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Labor Economics

by: Krystel Connelly

Labor Economics EC 450

Krystel Connelly
GPA 3.85


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This 9 page Class Notes was uploaded by Krystel Connelly on Tuesday September 8, 2015. The Class Notes belongs to EC 450 at University of Oregon taught by Staff in Fall. Since its upload, it has received 82 views. For similar materials see /class/187266/ec-450-university-of-oregon in Economcs at University of Oregon.


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Date Created: 09/08/15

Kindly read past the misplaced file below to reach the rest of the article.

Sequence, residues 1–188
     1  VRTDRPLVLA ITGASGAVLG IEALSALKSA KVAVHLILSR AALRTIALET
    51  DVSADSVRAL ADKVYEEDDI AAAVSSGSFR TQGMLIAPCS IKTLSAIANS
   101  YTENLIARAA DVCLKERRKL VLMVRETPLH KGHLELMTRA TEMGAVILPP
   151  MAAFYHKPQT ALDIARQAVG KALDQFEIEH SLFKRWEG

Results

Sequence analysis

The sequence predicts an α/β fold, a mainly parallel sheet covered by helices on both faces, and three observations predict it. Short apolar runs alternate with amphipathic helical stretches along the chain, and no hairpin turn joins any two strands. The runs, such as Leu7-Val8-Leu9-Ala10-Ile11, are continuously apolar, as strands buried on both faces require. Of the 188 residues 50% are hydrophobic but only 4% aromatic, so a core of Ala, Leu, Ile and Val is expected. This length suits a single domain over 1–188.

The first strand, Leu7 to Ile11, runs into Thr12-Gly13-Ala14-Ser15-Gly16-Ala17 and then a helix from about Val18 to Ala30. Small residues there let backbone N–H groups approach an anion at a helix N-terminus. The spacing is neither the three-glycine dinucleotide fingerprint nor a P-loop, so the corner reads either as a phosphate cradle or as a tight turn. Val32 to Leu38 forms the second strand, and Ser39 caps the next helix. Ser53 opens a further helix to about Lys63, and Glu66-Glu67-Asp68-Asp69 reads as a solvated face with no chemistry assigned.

Discrimination 1 Measuring Wage Discrimination A Raw wage differences CPS 1992 1 white men 33200 2 white women 19200 3 black men 21400 4 black women 17495 white men make more than minorities and women B Characteristic differences 1 white men employed full time 38177 2 white women employed full time 25244 in A men earn 73 more in B men only earn 51 more some of the differential is due to characteristic differences that market should quotrightfullyquot reward C Measuring premarket differences versus labormarket discrimination 1 wage differential between average man and women Aw WM WF 2 wage differential between quotcomparablyskilledquot men and women male earnings function wM ocM 55M female earnings function wF ocF 55F 3 wage differential using earnings functions Aw V7M39V7on Ml39 pM FM aF BFs F M 39 a1 pMs M BFEF 4 Oaxaca decomposition i distinguish between differences due to premarket differences in skills and labor market discrimination ii trick add and subtract pMs39F M m ms M M m M rewrite M aF m M ms M M M m WM m Ms s1 5 graphical explanation D Empirical evidence 1 blackwhite wage differential i 1940 to 1980 rose from 04 to 077 ii 198090 s relatively stable 2030 Oaxaca decomposition indicates 50 due to skill differential 2 malefemale wage differential i 19301980 relative stable between 5660 ii 198090 increase to 072 Oaxaca decomposition indicates 66 due to skill differential Point discrimination what ever the exact measure appears to be still with us employer discrimination model indicates discrimination should not persist so what other models can yield persistent discrimination E Deriving persistent discrimination 1 different source than employer i customer ii statistical discrimination 2 a non competitive market i occupational crowding 11 Customer Discrimination A Definition Customers do not like prefer being served by minorities and women whites and men ex professional sports ie basketball B Female vs male sales persons 1 assumption 1 men and women are equally productive MPWMPMMP 2 assumption 2 customers prefer to have male sales persons customers perceive that they pay more when helped by women PM PFld in equilibrium perceived female price must be equal to price paid when helped by a man C graph D malefemale wage differential WM wF VMPM VMPF WM WF PMlIP PFlP WM WF PM PFlIP WM 39 WF PF1d 39 PFMP WM wF PFdlP E Predictions 1 men earn more than comparablyskilled women 2 women have to have to be more productive ie have higher NIP to earn the same as a man 3 women have a lower return to human capital ie less incentive to invest 4 wage differential will persist as long as taste for discrimination persists this is not discrimination in the economic sense F Evidence 1 government agencies pay employees more who resemble the constituents of the department i department of agriculture vs EEOC ii Oregon vs Mississippi 2 baseballcard prices baseball cards for white players are worth more than baseball cards for black and Hispanic players who were comparably skilled III Statistical Discrimination A Educated Guess I Employers must guess about the potential productivity of applicants 2 Try to find information about applicant that is correlated with productivity GPA SAT recommendations 3 Information is generally not perfectly correlated with productivity B Example 1 PLC Elevator C Example 2 Insurance for Young Men moral l decisions are made on rationale utility or profit maximizing objectives and not based on prejudice 5 moral 2 In some cases productivity may be correlated with observable attributes of a group e g gender or race moral 3 People pay for the characteristics of their group D Arrow s Model of Statistical Discrimination l Assumptions 2 types of people qualified Q amp unqualified U firm has test that is a perfect predictor of ability test is costly 2 Employer will make you pay for test in a competitive market test could be stay for the first year and complete training 3 Suppose all people were qualified C MPi ri where I group male or female 4 But all workers are not qualified Workers must pay for persons who do not pass the test C MP rgtPltQgt Where PQi probability of passing test 5 Example Suppose P05 C MPi ri 05 or 2C MPi 39 i 6 Solve for wage ri MPi 39 CA 7 MaleFemale differences rM MPM 39 CP rF NIP 39 CA 8 Assumed men and women are equally productive lVlPM lVlPF result if PQMgtPQF the men will make more than women amp it is profit maximizing 9 Predictions Statistically discriminated group will make less be more qualified be underrepresented based on their population proportion the problem will become worse as you move up the job hierarchy ie glass ceiling if there are success tests discrimination will disappear on its own as groups become more similar statistically 10 Some conclusions problem with statistical discrimination is that is puts the stigma on the individual even though it is a group characteristic differences in probabilities may be due to premarket differences expectations for boys amp girls but it is unprofitable for the firm not to take differences into account women have been historically more likely to leave the job market and thus may be more costly to hire Statistical discrimination is selfperpetuating because it lowers the return to human capital if firm has a bad test in the sense it does not identify the productivity then it would lower its profits There is an incentive to develop a good test IV Is Affirmative Action an Effective Policy 3 Cases A Answer depends l the source 2 the market structure B Employer discrimination l competitive market discrimination is predicted to disappear without intervention however how long does it take 2 imperfect competition firms earn rents some of which may be spent on satisfying discriminatory preferences thus AA may be necessary moral of story affirmative action improves efficiency and at least in case 1 may no longer be necessary once discrimination is driven from market C Customer discrimination 1 AA does not address source of bias 2 increase employment of disadvanged groups by quotartificiallyquot increase costs of not hiring women or a minority for firm 3 hiring women and minorities may change preferences of customer over time however not clear it changes preferences for good 4 if preferences of customer do not change AA will need to be in place forever may not be an efficient means of changing preferences D Premarket discrimination 1 AA does not address the source of bias 2 increase employment of disadvanged groups by quotartificiallyquot raising the return to education of minorities and women 3 AA will become unnecessary if premarket differences go away may not be an efficient means of equalizing educational opportunities